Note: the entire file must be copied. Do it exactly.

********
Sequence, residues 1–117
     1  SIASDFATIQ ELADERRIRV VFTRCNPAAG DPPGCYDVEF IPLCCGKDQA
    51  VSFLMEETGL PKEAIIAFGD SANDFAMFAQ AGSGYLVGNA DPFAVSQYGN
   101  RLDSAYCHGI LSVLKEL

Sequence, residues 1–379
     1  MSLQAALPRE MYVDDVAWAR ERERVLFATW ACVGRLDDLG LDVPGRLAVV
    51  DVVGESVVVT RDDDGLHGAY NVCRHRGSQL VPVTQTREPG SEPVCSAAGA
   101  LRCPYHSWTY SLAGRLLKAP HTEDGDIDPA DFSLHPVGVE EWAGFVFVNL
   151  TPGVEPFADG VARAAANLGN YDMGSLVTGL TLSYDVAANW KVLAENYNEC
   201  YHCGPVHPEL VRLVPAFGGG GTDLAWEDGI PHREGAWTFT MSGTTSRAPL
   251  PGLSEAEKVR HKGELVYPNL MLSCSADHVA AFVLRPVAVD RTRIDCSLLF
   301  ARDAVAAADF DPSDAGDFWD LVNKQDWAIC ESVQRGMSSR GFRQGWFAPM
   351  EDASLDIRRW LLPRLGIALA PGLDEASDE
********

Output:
Sequence, residues 1–117
     1  SIASDFATIQ ELADERRIRV VFTRCNPAAG DPPGCYDVEF IPLCCGKDQA
    51  VSFLMEETGL PKEAIIAFGD SANDFAMFAQ AGSGYLVGNA DPFAVSQYGN
   101  RLDSAYCHGI LSVLKEL

Sequence, residues 1–379
     1  MSLQAALPRE MYVDDVAWAR ERERVLFATW ACVGRLDDLG LDVPGRLAVV
    51  DVVGESVVVT RDDDGLHGAY NVCRHRGSQL VPVTQTREPG SEPVCSAAGA
   101  LRCPYHSWTY SLAGRLLKAP HTEDGDIDPA DFSLHPVGVE EWAGFVFVNL
   151  TPGVEPFADG VARAAANLGN YDMGSLVTGL TLSYDVAANW KVLAENYNEC
   201  YHCGPVHPEL VRLVPAFGGG GTDLAWEDGI PHREGAWTFT MSGTTSRAPL
   251  PGLSEAEKVR HKGELVYPNL MLSCSADHVA AFVLRPVAVD RTRIDCSLLF
   301  ARDAVAAADF DPSDAGDFWD LVNKQDWAIC ESVQRGMSSR GFRQGWFAPM
   351  EDASLDIRRW LLPRLGIALA PGLDEASDE